BC Court of Appeal – It Is Negligent To “Not See What’s There To Be Seen”

I never saw the other vehicle before the crash” is rarely a satisfactory answer in absolving a party from liability.  Reasons for judgement were published today by the BC Court of Appeal discussing this principle finding that it is reversible legal error not to consider if a party is liable for failing to see something that is there to be seen.

In today’s case (Sharma v. Kandola) the Plaintiff was injured in a two vehicle collision.  At the time she was in the process of making a U‑turn from the south to the north side of the street in a school zone.  The Defendant, who was travelling behind her, attempted to pass her in the westbound lane.  The vehicles collided.  The Plaintiff never saw the Defendant prior to the crash.

At trial the Court found the Defendant fully liable for “travelling too close to Ms. Sharma’s car and driving too fast, he failed to keep a proper look out, and he was attempting to pass Ms. Sharma’s vehicle in the westbound lane, an activity prohibited in a school zone“.

The Defendant appealed.  The BC Court of Appeal found that the Defendant was largely to blame but the plaintiff also bore some liability for failing to see the Defendant prior to the crash.  In reaching this decision the Court provided the following reasons:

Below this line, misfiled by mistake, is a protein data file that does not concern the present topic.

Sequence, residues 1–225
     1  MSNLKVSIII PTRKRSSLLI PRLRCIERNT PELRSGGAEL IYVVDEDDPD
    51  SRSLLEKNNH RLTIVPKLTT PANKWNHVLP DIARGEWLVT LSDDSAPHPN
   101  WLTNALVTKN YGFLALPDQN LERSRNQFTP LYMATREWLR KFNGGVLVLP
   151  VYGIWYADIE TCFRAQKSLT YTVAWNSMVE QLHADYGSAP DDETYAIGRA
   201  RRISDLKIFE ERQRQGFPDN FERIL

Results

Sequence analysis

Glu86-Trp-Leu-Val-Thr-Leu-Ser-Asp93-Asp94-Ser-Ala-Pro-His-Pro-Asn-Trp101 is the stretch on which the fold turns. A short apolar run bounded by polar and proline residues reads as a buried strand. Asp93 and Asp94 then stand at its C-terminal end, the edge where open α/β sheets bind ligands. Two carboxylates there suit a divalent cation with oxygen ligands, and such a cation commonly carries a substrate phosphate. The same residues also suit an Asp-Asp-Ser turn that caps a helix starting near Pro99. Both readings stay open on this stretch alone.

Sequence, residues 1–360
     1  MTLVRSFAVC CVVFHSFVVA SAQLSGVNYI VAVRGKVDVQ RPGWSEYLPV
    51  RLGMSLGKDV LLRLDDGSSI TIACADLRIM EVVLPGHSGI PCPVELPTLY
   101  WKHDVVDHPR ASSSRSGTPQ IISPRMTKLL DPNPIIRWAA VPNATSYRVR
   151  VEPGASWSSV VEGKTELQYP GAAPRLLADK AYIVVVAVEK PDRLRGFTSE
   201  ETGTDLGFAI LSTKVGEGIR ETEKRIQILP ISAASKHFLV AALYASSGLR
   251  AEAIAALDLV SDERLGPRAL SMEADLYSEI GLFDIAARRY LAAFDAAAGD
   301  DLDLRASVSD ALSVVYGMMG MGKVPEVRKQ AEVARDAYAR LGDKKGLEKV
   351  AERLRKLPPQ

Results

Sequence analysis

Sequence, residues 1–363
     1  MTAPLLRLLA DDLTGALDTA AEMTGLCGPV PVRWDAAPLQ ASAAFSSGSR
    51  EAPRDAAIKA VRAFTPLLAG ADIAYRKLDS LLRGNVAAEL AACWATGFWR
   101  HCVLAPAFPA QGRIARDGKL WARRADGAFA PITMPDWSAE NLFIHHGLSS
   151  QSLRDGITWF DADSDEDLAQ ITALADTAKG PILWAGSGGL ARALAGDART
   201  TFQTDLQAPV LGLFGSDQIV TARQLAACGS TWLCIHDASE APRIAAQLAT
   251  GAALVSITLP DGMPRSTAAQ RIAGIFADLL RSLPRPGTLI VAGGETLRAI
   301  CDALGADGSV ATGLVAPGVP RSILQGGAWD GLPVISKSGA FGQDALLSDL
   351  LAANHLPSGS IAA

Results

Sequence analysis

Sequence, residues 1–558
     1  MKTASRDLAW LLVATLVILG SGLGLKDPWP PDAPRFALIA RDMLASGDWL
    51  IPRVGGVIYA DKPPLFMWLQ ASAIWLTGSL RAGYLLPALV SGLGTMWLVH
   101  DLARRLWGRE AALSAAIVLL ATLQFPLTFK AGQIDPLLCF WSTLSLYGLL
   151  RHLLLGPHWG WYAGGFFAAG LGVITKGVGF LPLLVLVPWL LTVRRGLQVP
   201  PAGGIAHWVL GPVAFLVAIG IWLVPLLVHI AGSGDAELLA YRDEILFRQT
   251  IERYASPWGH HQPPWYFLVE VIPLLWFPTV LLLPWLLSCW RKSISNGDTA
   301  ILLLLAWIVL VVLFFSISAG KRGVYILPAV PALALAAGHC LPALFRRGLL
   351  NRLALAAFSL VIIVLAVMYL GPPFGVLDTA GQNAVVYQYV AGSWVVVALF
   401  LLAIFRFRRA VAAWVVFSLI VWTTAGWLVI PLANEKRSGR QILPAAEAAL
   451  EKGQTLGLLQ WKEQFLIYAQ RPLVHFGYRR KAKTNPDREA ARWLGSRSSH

[17]       I turn now to what became, in my mind, the most significant issue on the appeal: the judge’s failure to address the evidence that Ms. Sharma, although checking for vehicles behind her before starting her turn, did not see the van. Indeed, she did not see the van until immediately before the collision.

[18]       It is necessary to proceed on the basis that Ms. Sharma did check to see if any vehicles were behind her, and did not see any. The van was, however, there to be seen. It is a large white van. It could not have been far from her. The street is long and straight. As the judge noted, it is straight and flat, without any visual blockages. In my view, Ms. Sharma failed to see what was plainly there to be seen. Put shortly, she ought to have seen the van, as any driver adequately keeping a proper lookout would have. On the judge’s findings, the van was travelling close to her, it was moving quickly, and was attempting to pass her in the westbound lane. With respect, it is an inescapable conclusion that Ms. Sharma’s negligent failure to see the van, and to wait until she could ascertain whether it was safe to start her turn, was a legal cause of the accident.

[19]       The judge fell into reversible legal error by failing to analyse the implications of Ms. Sharma’s failure to see the van as she ought to have. This is not a case where a finding that a party was not negligent raises a question of mixed fact and law, reviewable on a standard of palpable and overriding error: see Tabori v. Renaud, 2017 BCCA 189 at para. 2. Here, the error lies in failing to assess the relevance for liability of uncontested and obviously material evidence. This is a legal error.

[20]       The judge’s findings are sufficient to lay a foundation to determine both that Ms. Sharma’s negligence was a cause of the collision, and also to determine relative fault for the purposes of the Negligence Act, R.S.B.C. 1996, c. 333. In my view, it is not necessary to send this matter back to trial. The judge’s findings of fact are sufficient to apportion liability.